Well friends and fans....I have been cooking/baking for the past four hours, which doesn't quite make up for the fact that it's been over a month since my last post. :-( Anyway, I picked up some essential ingredients at the grocery store on my way home from work, changed into my pjs and an apron, and then hit the ground running at 7:30pm. I had been itching to make something more than my typical sauteed green and yellow squash or my frequent whole wheat pasta with ground turkey pasta sauce. I even tried to invite friends over on Saturday and Sunday just to have mouths to feed (the scare of a hurricane kept them home....we didn't get but about three drops of rain...but I digress). Thankfully, my team is having a day-long meeting on Thursday, so I jumped at the chance to provide some food for the day.
The first thing I made was lasagna. Let me start by saying, I am not of Italian heritage. I am a British Isles mutt...a sort of nondescript combo of all the islands (maybe with the exception of Wales?). And my mother who grew up on typical mid-western farm food (read: fried and boiled within an inch of their lives...but laden with fat, so awfully tasty). So one might find it surprising, but I think she makes some of the best lasagna I've ever had. The funny thing is that it couldn't be more simple. There's no meat in the sauce and it is a total of 6 ingredients: noodles, sauce, mozzarella, ricotta, parmesan, and eggs. Basta.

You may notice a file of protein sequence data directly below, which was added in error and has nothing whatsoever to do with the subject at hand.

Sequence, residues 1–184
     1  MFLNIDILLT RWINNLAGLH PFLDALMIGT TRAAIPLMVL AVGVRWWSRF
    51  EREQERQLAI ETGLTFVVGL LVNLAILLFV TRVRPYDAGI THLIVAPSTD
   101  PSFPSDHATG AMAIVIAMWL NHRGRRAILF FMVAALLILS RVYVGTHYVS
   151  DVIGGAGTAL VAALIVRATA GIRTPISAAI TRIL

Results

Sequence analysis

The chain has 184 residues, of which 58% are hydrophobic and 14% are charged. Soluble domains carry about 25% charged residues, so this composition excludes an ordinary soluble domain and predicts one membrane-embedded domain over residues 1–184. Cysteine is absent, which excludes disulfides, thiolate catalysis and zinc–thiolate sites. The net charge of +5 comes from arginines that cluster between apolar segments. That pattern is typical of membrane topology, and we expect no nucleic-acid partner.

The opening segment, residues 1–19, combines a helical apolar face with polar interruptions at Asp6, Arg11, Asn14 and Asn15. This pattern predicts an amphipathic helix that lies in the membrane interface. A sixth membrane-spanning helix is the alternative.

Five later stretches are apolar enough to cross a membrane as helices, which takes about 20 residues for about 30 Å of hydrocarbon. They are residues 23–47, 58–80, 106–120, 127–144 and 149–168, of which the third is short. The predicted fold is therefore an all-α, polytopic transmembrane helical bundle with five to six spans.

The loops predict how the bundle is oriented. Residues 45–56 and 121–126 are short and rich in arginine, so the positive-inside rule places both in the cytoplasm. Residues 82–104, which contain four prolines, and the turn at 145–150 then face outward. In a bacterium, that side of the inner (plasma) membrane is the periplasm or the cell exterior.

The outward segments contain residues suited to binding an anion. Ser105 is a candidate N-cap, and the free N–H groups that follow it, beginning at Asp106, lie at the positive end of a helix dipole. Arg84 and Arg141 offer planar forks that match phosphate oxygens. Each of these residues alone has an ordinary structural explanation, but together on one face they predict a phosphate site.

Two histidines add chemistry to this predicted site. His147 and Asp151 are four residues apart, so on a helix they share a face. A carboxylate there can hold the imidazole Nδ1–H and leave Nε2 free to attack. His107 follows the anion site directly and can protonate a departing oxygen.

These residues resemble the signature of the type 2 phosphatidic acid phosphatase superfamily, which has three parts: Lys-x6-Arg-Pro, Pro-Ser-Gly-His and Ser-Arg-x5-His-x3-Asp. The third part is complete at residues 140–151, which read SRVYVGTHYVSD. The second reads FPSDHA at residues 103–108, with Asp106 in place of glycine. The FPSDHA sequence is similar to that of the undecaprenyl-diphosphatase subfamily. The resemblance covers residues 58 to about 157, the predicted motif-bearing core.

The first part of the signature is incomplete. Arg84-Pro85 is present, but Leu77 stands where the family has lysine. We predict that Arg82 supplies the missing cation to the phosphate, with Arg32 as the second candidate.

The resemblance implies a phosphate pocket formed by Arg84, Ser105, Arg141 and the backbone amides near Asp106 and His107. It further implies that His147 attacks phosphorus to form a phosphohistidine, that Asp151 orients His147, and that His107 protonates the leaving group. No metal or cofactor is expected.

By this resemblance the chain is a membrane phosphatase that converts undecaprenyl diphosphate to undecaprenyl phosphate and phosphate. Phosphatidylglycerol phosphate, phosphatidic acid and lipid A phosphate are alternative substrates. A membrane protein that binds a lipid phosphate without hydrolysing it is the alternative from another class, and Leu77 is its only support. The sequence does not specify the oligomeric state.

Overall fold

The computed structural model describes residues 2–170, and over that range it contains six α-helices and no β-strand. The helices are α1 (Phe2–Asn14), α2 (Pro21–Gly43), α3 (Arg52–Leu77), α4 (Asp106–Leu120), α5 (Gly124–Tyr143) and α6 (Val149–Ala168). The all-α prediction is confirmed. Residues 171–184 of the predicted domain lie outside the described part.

I never saw her using a recipe when she made it, I guess mainly b/c I can't imagine how one would mess this recipe up. As long as you remember to start with a tiny bit of sauce in the pan so the noodles don't burn or stick, alternate layers, tuck in the corners, and don't overfill the pan, you're pretty much good to go. As with most lasagna noodle boxes, there was a recipe on the side. It's a good thing. If going off the top of my head, I had forgotten about the egg to be used as a binder for the cheese blend. I also wasn't sure what temp to cook it - though my guess was only 25 degrees lower than what the box suggested. Other than that, it was a pretty typical recipe, but included meat.
While boiling the water for the noodles (no ready-to-bake noodles for me!), I microwaved a Weight Watchers Smart Ones: Fruit Inspirations meal (the ultimate irony, don't you think?). The water came to a rolling boil, and I cooked the noodles, drained them, and laid them out to dry so they wouldn't stick to each other like boys at a sixth grade dance scared of actually having to talk to a member of the opposite sex. I giggled at the promise of using my Cuisinart to turn my block of parmesan into tiny cheese crumbs. At that thought, I immediately threw my two hunks of mozzarella into the freezer. I had an idea....I'd use the shredding attachment on the same Cuisinart for the first time and turn the mozz into perfect little strips of creamy cheese, but they needed to be more firm for it to be successful. The parmesan worked like a dream. I pulsed it a few times and then let 'er rip. Tiny little dusty flakes were the beautiful result. The mozzarella's fate was not as pretty. I didn't really have the time to fully freeze them for any decent length, so the first hunk ended up almost burning out the motor of the Cuisinart when it got stuck between the shredder blade and the top of the device. I messed with it enough to sort of go through one of the hunks, but decided that I'd be better off leaving the second one for the topping, which would give me some time to cut it up (I julienned mozarella...haha!). And one last thing - I put my sauce on to heat through.